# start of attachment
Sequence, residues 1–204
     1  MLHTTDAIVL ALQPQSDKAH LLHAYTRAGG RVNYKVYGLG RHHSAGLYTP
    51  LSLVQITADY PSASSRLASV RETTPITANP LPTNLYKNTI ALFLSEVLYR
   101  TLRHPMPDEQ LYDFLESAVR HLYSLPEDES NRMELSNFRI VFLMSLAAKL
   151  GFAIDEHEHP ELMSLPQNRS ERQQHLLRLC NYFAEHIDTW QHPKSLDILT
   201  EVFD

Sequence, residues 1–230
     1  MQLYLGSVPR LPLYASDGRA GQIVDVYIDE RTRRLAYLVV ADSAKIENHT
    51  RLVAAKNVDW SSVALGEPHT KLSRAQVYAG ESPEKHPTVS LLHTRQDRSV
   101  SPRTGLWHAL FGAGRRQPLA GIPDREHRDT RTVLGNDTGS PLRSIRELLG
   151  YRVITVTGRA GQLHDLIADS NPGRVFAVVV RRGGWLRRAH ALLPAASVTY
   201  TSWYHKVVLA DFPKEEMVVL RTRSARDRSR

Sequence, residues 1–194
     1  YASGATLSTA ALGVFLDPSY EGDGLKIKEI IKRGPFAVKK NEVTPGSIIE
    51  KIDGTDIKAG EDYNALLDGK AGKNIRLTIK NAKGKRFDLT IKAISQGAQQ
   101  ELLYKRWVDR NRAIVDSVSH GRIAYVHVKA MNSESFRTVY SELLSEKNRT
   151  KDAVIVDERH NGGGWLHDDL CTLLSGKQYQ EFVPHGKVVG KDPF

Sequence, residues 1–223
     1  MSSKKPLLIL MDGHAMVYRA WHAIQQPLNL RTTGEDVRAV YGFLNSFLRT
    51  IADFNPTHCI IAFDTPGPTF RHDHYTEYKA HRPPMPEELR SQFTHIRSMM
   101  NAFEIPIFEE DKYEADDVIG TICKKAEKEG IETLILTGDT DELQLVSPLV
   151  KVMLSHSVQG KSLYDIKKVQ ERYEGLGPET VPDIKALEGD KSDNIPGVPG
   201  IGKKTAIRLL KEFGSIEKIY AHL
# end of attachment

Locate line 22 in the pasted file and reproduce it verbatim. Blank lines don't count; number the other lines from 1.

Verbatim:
   151  KVMLSHSVQG KSLYDIKKVQ ERYEGLGPET VPDIKALEGD KSDNIPGVPG